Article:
The Work outsources their frame cutting and lens production, but Keisuke does all the assembling and finishing himself, which he estimates is about 80 percent of the production process. “In Japan, there is a saying, ‘温故知新’ (onkochishin). It means ‘studying the old to make something new,’” he explains to me. “My frames are inspired by vintage designs but done in a new style. I want to create designs that no one will get tired of.” The Work’s spirit for timeless, but recognizable design has resonated throughout Japan’s craft-based menswear industry, as you see his frames on notable figures such as Kenji Kaga and Yohei Fukuda.
At the moment, the company only has a few styles, including a rounded design with a keyhole bridge and something reminiscent of Steve McQueen’s Persols. Since everything is produced through a small-batch process, The Work can also create MTO and bespoke glasses. At the moment, they’re making an exclusive style for Atelier BRIO Pechino. Modeled after a mid-century French Panto style, these frames have scooped corners, a flattened top, and a broad base, giving the wearer an artful sensibility (a prototype of BRIO’s frames are pictured above). “When you produce eyewear frames by hand, you can express fine details that aren’t possible in mass production,” says Keisuke. “This is what makes handmade eyewear so beautiful.”
X OF PENTACLES
It’s an industry secret that many accessories designers don’t actually design. Instead, they’re more like Indiana Jones in search of a lost grail. They visit silk printers in Macclesfield or Como, where they rummage through archival fabric books, looking for prints and patterns to reproduce. They may change some color here or there, but it’s ultimately the same thing. After the fabrics are reprinted, the materials are turned into three-fold ties, scarves, and other accessories.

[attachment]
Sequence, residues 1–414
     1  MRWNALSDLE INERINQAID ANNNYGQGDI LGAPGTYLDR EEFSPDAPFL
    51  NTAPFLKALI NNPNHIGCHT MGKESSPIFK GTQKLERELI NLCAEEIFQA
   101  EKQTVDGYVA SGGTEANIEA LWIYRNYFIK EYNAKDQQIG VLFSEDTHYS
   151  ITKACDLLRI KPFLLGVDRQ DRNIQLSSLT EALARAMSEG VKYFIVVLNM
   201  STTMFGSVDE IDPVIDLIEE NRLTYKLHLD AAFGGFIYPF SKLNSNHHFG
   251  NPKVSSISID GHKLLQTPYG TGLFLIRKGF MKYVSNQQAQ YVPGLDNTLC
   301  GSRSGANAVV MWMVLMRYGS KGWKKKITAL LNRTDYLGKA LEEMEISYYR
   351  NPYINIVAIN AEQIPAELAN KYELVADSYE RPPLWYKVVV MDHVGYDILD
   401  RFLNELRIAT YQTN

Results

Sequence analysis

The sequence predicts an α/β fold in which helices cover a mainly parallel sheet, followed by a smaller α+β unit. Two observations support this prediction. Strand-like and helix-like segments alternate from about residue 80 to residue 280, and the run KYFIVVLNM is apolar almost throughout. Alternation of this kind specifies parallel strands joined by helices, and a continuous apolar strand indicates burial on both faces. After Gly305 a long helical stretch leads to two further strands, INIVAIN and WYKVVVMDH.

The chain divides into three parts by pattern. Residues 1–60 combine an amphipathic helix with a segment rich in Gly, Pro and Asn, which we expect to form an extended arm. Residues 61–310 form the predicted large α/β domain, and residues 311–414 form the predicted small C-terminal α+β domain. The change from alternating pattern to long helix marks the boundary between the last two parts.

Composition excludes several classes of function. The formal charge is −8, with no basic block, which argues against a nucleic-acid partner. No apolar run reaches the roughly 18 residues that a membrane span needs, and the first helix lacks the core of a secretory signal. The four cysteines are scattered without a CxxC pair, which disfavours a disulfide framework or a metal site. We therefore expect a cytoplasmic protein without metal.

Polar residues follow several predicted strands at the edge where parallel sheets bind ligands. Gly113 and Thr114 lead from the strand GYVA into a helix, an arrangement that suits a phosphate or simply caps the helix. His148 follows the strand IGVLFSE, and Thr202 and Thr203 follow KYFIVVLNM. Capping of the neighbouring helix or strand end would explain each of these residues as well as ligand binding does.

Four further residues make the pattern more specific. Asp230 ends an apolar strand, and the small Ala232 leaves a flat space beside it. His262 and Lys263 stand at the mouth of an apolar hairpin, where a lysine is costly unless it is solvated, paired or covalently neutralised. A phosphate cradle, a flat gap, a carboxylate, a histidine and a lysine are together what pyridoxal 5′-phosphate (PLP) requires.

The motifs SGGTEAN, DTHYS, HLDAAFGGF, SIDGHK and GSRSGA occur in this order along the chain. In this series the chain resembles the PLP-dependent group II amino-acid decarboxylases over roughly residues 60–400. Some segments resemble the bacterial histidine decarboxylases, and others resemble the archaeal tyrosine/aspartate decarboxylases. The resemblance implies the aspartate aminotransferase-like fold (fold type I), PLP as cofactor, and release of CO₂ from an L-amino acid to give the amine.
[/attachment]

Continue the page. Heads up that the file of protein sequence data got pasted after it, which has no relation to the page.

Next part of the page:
Marcel Ames designs. His company, X of Pentacles (pronounced “Ten of Pentacles”), sells everything from custom shirts to suits. However, their core strength is in wool-silk scarves and pure silk ties, which Ames designs in Richmond, Virginia, and then has produced in Italy. Ames got started in the menswear trade about ten years ago when he was fresh out of college and began to work for Saks Fifth Avenue and Paul Stuart. Wanting to find a more stable career, Ames became a mental health clinician and later a police recruit at the Richmond police academy. But in November 2014, his law enforcement career plans were derailed when he suffered a concussion during police training. Shortly after, he lost his father and then his home. Ames is all too familiar with the fragility of life’s plans, his own life reflected in one of Shakespeare’s most famous lines, “to suffer the slings and arrows of outrageous fortune.” If the arrow of misfortune doesn’t kill you, it can be so deeply embedded in your body, you die later from the pain of infection. “I lost my career, my dad, and my home,” he says. “For quite some time, I felt like I lost my mind.”
While couch-surfing during that challenging year, Ames found solace in sketching. He went back to the thing he loved — menswear. Ames sketched out patterns for ties and scarves, as well as the shirt collars he wanted to hold them. Two years after losing everything dear to him, he launched his company, X of Pentacles, named after the tarot card for stability and success. I love that Ames is a self-taught designer who learned how to illustrate by using a “cracked” graphic design program on his old college laptop. He’s creating something new and isn’t just rehashing the same David Evans archival prints you see everywhere. “I knew that if I just recycled archived prints, I would be no different from everyone else,” he tells me. “The best way I can describe our aesthetic is if Hermes, Gianni Agnelli, Vincent Price, and Griselda (the rap group) conceived a child. Decadent, mysterious, tasteful, and a little gritty.”